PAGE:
Dziga Vertov, Enthusiasm: Symphony of the Donbas, 1930. Courtesy Oleksandr Dovzhenko National Centre, Kyiv

Dziga Vertov, Enthusiasm: Symphony of the Donbas, 1930. Courtesy Oleksandr Dovzhenko National Centre, Kyiv

Dziga Vertov, Enthusiasm: Symphony of the Donbas, 1930. Courtesy Oleksandr Dovzhenko National Centre, Kyiv

Vertov’s first sound film, shot in the coal-rich Donbas area of Eastern Ukraine, was the first time real industrial sounds were used to create an independent musical composition for film. The filmmaker, his wife Elisaveta Svilova and team of kinoks (cinema-eyes) filmed and recorded most of Enthusiasm on location in the Donbas. They aimed to ‘grasp the feverish reality of life in the Donbas, to convey as true to life as possible its atmosphere of the clash of hammers, of train whistles, of the songs of workers at rest.’

Rhythm is revealed as having a dual power: as a mobilising, disciplinary force, as the inspiration for revolutionary enthusiasm, and as the regulator of new economies of movement. Vertov experiments with the associative potential of image and sound and how they can be mutually exchanged.  

The film was dedicated to Stalin’s first Five Year Plan (1928 – 1932), it glorified industrialisation and collectivisation as well as propagandised the fight against illiteracy and religion. As Lenin stated in 1922 ‘[The Donbass] is the centre, the real basis of our entire economy. There can be no question of any renewal of heavy industry in Russia, no question of any real construction of socialism (for there is no way to build it except through heavy industry), if we do not revive the Donbass and bring it back up to the mark.’ Enthusiasm was shot during the year when the Ukrainisation program was cut down, so the camera still captured many indications of Ukrainisation in Donbas, when the Ukrainian national identity continued to develop.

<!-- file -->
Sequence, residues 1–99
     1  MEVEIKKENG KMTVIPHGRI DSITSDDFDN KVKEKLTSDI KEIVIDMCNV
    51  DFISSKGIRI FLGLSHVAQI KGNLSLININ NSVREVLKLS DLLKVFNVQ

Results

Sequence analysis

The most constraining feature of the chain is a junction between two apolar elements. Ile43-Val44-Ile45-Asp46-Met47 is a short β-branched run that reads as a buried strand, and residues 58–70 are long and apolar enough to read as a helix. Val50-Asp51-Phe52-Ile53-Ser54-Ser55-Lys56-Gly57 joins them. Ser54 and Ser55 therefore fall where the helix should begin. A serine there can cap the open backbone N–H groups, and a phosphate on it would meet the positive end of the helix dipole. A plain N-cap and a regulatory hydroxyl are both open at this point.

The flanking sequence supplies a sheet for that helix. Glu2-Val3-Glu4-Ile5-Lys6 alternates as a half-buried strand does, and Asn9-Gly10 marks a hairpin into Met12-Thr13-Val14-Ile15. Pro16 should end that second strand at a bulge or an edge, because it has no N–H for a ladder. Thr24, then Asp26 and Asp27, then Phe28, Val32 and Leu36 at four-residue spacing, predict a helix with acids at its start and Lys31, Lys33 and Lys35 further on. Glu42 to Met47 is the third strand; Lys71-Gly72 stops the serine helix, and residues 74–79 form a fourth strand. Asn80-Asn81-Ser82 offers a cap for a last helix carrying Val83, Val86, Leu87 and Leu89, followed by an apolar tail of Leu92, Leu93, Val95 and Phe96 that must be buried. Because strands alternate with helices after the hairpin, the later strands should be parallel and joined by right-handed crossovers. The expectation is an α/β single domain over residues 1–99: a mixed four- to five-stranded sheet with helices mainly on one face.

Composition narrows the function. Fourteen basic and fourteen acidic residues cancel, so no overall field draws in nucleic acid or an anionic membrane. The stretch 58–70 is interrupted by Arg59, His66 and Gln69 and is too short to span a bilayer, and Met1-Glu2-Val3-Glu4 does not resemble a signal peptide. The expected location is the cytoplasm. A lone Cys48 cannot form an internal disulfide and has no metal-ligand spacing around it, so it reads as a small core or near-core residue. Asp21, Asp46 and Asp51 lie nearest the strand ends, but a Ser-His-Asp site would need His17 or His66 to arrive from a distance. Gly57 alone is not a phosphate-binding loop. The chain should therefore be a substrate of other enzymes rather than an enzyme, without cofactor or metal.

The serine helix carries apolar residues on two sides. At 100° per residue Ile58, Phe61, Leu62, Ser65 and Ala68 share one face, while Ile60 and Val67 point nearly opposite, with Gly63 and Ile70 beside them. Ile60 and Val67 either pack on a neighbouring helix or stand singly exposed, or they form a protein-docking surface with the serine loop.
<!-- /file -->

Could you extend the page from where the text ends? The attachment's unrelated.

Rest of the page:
The film was released in cinemas on April 2, 1931, but shortly after was removed from distribution and forgotten. It was rediscovered only in the 1960s due to the renewed interest to the Soviet avant-garde in the West. Enthusiasm was restored by the National Dovzhenko Film Studios on request of the State Film Agency of Ukraine in 2011.

‘I would never have believed it possible to assemble mechanical noises to create such beauty. One of the most superb symphonies I have known. Dziga Vertov is a musician’. (Charlie Chaplin)

Enthusiasm: Symphony of the Donbas, dir: Dziga Vertov, 1930. VUFKU Studios Ukraine, DCP, 67min + Q&A. Courtesy Oleksandr Dovzhenko National Centre.

Presented as part of Levels of Democracy: Ukraine Film Weekend, more information about all the films in the series here.

Film Pass Three: Levels of Democracy: Ukraine Film Weekend
Fri 18 – Sun 20 March
£30 Full Price / £25 Concession
Includes entrance to all films in the series. Offer excludes Test Dept live soundtrack, separate tickets available here
Film Passes can only be booked via the Tyneside Cinema Box Office.

Enthusiasm (Symphony of the Donbas)
Dziga Vertov

£7.50/£6, book here
Film Pass Three, £30/£25

Sun 20 March, 12.45pm (67min + Q&A)

Tyneside Cinema

10 –12 Pilgrim Street
Newcastle
NE1 6QG
tynesidecinema.co.uk
Box Office 0191 227 5500